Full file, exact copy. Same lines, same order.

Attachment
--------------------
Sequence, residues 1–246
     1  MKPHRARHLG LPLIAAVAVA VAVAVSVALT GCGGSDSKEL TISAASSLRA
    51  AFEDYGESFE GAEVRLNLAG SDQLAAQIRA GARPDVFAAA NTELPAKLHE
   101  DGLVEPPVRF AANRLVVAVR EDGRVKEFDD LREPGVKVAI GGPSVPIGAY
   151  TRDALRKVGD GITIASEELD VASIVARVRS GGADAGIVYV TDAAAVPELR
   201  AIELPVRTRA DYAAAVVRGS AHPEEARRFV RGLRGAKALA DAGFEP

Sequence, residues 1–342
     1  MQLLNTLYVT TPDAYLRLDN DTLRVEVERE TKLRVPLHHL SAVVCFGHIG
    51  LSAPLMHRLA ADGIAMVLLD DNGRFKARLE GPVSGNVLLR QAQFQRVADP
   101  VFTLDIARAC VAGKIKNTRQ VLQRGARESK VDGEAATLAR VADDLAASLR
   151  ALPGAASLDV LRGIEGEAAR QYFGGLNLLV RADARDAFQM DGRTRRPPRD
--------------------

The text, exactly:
Sequence, residues 1–246
     1  MKPHRARHLG LPLIAAVAVA VAVAVSVALT GCGGSDSKEL TISAASSLRA
    51  AFEDYGESFE GAEVRLNLAG SDQLAAQIRA GARPDVFAAA NTELPAKLHE
   101  DGLVEPPVRF AANRLVVAVR EDGRVKEFDD LREPGVKVAI GGPSVPIGAY
   151  TRDALRKVGD GITIASEELD VASIVARVRS GGADAGIVYV TDAAAVPELR
   201  AIELPVRTRA DYAAAVVRGS AHPEEARRFV RGLRGAKALA DAGFEP

Sequence, residues 1–342
     1  MQLLNTLYVT TPDAYLRLDN DTLRVEVERE TKLRVPLHHL SAVVCFGHIG
    51  LSAPLMHRLA ADGIAMVLLD DNGRFKARLE GPVSGNVLLR QAQFQRVADP
   101  VFTLDIARAC VAGKIKNTRQ VLQRGARESK VDGEAATLAR VADDLAASLR
   151  ALPGAASLDV LRGIEGEAAR QYFGGLNLLV RADARDAFQM DGRTRRPPRD